CBD Sellers Beware: FTC Issues Warnings on CBD Marketing Practices

By Ryan Coufal

On September 10th, 2019 the Federal Trade Commission (“FTC”) sent warning letters to three companies that sell oils, tinctures, capsules, “gummies,” and creams which contain cannabidiol (“CBD”), a chemical compound derived from the cannabis plant.  While the FTC did not identify the companies publicly, the letters warn that it is illegal to advertise a product that can prevent, treat, or cure human disease without reliable scientific evidence to support such claims. 

The companies’ websites claim that CBD products “’work like magic’ to relieve ‘even the most agonizing pain,’” are a “miracle pain remedy,” and are highly effective at treating “the root cause of most major degenerative diseases.”  The websites then promote that CBD treats a whole host of diseases including: cancer, Alzheimer’s disease, multiple sclerosis (MS), fibromyalgia, cigarette addiction, colitis, autism, anorexia, bipolar disorder, post-traumatic stress disorder, schizophrenia, anxiety, depression, Lou Gehrig’s Disease (ALS), stroke, Parkinson’s disease, epilepsy, brain injuries, diabetes, Crohn’s disease, psoriasis, AIDS, arthritis, and heart disease, with one of the websites even stating the treatment is “clinically proven.” 

In its letters the FTC instructs the companies to review all claims made about their products, including consumer testimonials, to ensure such claims are supported by competent and reliable scientific evidence.  Making such unsubstantiated claims can be in direct violation of sections of the FTC Act, 15 U.S.C. §§ 45(a) and 52, which regulate advertising.  Additionally, such claims can violate the Federal Food, Drug, and Cosmetic Act (FDCA), 21 U.S.C. § 321(g)(1)(B) which is regulate by the U.S. Food and Drug Administration (FDA).  On March 28, 2019 the FTC and FDA jointly sent similar warnings to three different CBD companies about their marketing practices, with the FDA taking the stance that such marketing practices are evidence that CBD products are intended to be used as drugs, which require extensive testing and FDA approval before marketing the products in such a manner.  Making a claim that CBD is a drug that can cure disease when it has not been approved by the FDA could create the potential for violation of the FDCA.

The FTC gave the latest three companies fifteen (15) days to notify the agency of the specific actions they have taken to correct the agency’s concerns.  Companies that sell CBD products should take note of the marketing practices the FTC and FDA are regulating and review all claims made about their CBD products and ensure they are backed by reliable and competent scientific evidence, and ensure they are not marketing CBD products as drugs under the FDCA.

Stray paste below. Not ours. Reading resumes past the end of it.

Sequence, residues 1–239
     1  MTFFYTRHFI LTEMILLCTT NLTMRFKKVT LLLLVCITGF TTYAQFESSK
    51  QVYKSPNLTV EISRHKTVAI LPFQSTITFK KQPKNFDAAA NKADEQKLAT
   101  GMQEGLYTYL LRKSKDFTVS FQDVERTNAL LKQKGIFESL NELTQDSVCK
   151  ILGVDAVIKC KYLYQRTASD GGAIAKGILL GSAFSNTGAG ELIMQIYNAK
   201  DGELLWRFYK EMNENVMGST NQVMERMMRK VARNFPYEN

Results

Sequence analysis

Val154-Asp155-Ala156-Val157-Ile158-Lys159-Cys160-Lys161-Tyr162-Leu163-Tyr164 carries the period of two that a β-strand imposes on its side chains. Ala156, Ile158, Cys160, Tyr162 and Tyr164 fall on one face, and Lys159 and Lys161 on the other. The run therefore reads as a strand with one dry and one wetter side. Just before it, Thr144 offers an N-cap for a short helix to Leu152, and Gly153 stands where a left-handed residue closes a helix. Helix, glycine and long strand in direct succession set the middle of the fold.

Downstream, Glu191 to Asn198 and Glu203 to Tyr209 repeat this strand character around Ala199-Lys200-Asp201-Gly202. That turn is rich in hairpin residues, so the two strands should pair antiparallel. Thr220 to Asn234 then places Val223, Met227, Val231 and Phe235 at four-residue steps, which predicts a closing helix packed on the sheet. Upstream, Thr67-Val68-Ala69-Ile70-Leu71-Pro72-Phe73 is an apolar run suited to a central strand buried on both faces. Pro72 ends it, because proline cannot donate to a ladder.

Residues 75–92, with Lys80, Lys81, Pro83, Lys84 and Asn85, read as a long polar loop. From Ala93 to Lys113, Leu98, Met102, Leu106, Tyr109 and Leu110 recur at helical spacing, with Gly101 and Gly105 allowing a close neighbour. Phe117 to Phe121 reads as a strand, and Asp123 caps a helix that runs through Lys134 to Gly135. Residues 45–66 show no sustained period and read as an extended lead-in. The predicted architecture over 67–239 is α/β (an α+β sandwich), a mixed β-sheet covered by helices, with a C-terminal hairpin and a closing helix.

© 2019 Vandenack Weaver LLC
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IRS Warns Taxpayers About Recent Phone Scam

The Internal Revenue Service (“IRS”) recently warned taxpayers that an aggressive phone scam that targets taxpayers, often senior citizens, is making rounds throughout the country and costing taxpayers millions of dollars and their personal information. The callers are con artists who claim to be IRS employees. The caller tells the victim taxpayer that the taxpayer owes money to the IRS and threatens the taxpayer with legal action if he or she refuses to pay. The caller often demands immediate payment with a prepaid debit card, gift card, or wire transfer.

The callers often alter caller IDs to make it look like the IRS is the true caller, know information about their victims, use fake names and IRS identification badge numbers, and leave urgent callback requests. Similarly, callers may tell taxpayers they have a refund due, in an attempt to trick taxpayers into sharing private information.

The IRS reminded taxpayers the IRS will never do any of the following:

• call to demand immediate payment using a specific payment method,
• threaten to immediately bring legal action against a taxpayer who refuses to pay,
• demand that a taxpayer pay taxes without providing the taxpayer the opportunity to question or appeal the amount the IRS claims the taxpayer owes,
• ask for credit or debit card numbers over the phone.

he IRS also reminded taxpayers it will work with private collection agencies for the collection of certain tax debts this year. However, the IRS reported that if a private agency calls, there will not be any threats or immediate payment demands and the call will typically occur only after the agency has mailed the taxpayer a notification about the debt.
The IRS urges taxpayers to protect their personal information at all times and to report scam calls to the IRS, the Federal Trade Commission, or the Treasury Inspector General for Tax Administration.

© 2017 Vandenack Weaver LLC
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Annual HSR Act Threshold Increases Announced

By M. Tom Langan, II

The Federal Trade Commission recently announced its annual increases to the Hart-Scott Rodino Act filing thresholds.  The new numbers went into effect on February 25, 2016.  Under the new thresholds, acquisitions of $78.2 million or less are not reportable.  Transactions above this amount may be reportable depending on other conditions.

For the complete set of numbers, please see Revised Jurisdictional Thresholds.

© 2016 Vandenack Williams LLC
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